A Community of Savers
Courtesy Capital Area Asset Builders
April marked Financial Literacy Month nationwide and in the District of Columbia. This raises the question: what does it mean to be —“financially literate”? Are Americans spending more than they are earning—a trend that was last observed during the Great Depression—because they do not know any better, or is this dangerous behavior an indication of larger and more serious structural problems in our economy?
It is not an either/or answer, but it is also true that a growing number of Americans struggle to grasp even the most basic financial principles that allow them to manage their money well and make wise investments in their future. We can take a step back, and take an honest look at our own personal finances and make some healthy adjustments.
To help you do just that, Capital Area Asset Builders (CAAB), the DC Department of Insurance, Securities and Banking, and many nonprofit, government and private sector partners have launched a citywide campaign called DC Saves. Modeled on the Consumer Federation of America’s national America Saves campaign, the goal of DC Saves is to encourage and motivate all Washingtonians to take financial action – by reducing debt, saving money and making investments that build wealth. Individuals who enroll as DC Savers will have access to the following benefits and financial supports, all of which are free:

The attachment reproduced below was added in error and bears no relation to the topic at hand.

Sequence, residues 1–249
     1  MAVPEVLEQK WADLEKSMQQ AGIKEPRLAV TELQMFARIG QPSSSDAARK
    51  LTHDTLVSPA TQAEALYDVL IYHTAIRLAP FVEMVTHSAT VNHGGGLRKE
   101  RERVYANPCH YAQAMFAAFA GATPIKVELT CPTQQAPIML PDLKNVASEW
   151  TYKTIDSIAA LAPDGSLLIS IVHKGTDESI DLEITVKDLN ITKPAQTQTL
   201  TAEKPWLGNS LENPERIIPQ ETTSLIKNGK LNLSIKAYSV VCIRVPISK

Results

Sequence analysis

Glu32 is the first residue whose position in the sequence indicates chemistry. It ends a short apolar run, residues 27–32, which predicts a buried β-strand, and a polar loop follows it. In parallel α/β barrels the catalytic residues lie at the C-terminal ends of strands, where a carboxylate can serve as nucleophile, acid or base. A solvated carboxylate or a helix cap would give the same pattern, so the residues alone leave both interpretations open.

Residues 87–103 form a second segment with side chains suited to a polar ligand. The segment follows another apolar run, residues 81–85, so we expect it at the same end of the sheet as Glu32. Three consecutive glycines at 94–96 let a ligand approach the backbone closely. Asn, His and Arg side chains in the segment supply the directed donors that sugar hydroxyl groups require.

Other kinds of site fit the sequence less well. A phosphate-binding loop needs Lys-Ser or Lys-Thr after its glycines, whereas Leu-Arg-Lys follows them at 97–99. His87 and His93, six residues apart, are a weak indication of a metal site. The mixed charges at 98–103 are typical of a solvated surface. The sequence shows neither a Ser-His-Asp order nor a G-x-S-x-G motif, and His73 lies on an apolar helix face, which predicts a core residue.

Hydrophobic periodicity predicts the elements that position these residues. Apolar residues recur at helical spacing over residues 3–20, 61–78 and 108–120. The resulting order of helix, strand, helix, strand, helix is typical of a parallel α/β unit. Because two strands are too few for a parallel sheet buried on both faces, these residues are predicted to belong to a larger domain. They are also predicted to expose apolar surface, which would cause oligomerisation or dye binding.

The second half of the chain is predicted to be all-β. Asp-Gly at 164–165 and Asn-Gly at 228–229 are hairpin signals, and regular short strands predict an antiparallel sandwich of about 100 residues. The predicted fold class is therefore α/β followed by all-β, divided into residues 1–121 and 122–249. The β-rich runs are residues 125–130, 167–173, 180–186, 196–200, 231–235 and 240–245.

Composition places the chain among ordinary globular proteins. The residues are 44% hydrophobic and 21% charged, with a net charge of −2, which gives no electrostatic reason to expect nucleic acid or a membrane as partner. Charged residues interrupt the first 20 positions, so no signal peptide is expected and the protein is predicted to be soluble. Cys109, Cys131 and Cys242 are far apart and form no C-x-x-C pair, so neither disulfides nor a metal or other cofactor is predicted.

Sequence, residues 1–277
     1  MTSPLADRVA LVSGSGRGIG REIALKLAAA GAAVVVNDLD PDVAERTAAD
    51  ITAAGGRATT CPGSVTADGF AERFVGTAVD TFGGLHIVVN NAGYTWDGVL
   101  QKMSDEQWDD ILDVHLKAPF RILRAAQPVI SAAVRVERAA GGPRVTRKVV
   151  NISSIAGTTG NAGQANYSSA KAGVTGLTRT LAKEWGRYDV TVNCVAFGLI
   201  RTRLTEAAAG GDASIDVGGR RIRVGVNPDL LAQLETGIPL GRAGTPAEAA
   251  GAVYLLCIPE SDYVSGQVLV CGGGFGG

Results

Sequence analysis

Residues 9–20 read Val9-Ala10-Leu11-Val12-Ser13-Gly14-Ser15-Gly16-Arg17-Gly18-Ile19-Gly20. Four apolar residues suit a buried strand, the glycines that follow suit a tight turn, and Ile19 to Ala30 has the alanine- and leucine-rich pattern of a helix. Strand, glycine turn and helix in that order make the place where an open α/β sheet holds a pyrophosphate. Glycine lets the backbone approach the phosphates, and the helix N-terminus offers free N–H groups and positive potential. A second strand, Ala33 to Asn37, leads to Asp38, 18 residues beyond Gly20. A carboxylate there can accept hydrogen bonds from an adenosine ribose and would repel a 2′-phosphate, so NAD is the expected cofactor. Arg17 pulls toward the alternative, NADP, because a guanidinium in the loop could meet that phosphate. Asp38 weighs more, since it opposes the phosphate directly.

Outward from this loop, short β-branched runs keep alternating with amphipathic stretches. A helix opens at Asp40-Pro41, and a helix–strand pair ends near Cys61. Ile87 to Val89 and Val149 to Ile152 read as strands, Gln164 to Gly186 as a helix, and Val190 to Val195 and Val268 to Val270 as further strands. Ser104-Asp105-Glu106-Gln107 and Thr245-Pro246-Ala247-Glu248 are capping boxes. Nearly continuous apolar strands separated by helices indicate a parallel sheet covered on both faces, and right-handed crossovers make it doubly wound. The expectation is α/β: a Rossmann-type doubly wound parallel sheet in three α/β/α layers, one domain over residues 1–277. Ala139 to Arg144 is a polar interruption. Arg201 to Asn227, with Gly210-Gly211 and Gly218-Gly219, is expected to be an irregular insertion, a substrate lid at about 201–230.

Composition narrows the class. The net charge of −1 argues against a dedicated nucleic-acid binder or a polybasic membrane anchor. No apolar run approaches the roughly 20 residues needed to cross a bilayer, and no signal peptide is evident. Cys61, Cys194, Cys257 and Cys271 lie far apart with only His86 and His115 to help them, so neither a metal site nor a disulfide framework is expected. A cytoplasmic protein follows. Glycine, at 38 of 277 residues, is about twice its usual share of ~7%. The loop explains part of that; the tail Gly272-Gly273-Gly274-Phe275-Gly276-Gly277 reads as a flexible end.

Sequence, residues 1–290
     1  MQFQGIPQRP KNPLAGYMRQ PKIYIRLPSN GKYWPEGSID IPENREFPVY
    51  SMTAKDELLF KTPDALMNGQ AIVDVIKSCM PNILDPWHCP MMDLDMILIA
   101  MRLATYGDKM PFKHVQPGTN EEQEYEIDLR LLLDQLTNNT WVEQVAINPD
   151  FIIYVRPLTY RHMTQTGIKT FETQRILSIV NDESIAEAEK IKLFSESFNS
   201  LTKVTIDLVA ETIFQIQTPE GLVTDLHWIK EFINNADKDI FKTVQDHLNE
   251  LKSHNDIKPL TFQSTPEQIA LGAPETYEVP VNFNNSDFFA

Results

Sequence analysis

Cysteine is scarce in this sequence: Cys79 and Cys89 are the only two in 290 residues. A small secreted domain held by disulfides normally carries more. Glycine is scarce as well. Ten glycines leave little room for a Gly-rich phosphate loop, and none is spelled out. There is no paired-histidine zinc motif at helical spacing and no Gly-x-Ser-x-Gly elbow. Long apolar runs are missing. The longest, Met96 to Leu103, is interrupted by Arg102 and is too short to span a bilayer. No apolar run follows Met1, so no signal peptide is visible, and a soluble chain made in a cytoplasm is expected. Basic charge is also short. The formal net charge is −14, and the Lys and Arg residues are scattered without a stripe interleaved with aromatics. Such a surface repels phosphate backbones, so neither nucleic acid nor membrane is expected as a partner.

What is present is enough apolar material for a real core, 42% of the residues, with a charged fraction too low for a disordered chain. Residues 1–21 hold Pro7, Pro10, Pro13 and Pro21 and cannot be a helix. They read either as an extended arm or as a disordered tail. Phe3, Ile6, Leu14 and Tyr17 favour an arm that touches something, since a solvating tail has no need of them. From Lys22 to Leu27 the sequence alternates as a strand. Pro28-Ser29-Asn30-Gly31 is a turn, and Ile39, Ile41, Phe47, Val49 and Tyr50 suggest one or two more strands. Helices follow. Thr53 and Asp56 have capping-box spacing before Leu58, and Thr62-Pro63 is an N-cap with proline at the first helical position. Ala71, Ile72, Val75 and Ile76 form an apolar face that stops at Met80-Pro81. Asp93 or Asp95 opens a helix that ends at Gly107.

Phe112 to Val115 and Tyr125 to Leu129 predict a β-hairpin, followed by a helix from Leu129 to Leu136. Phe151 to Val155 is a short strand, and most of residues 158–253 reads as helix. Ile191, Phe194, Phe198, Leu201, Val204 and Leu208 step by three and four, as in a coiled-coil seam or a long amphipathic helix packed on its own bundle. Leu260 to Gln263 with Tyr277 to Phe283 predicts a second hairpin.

- Special DC Saves accounts at participating financial institutions (all accounts feature no monthly or minimum balance fees for at least 12 months)
- One-on-one counseling through participating credit and housing counseling agencies
- Seminars on a wide range of financial topics, including credit repair, buying a car or home, saving for education or retirement, investing wisely and insuring your investments
- Subscription to the American Saver quarterly newsletter
- Advice (by e-mail) from Certified Financial Planners and Certified Public Accountants
- Access to a wealth of financial information through the DC Saves website, www.dcsaves.org
Enrolling in DC Saves is easy: all you have to do is identify a specific savings goal, make a deposit to a savings account each month (or make a debt payment), and keep us posted on your progress. In return, we will do our best to provide ongoing support and advice to help you achieve your goals. But do not just take our word for it, here’s what a few of our local savers had to say: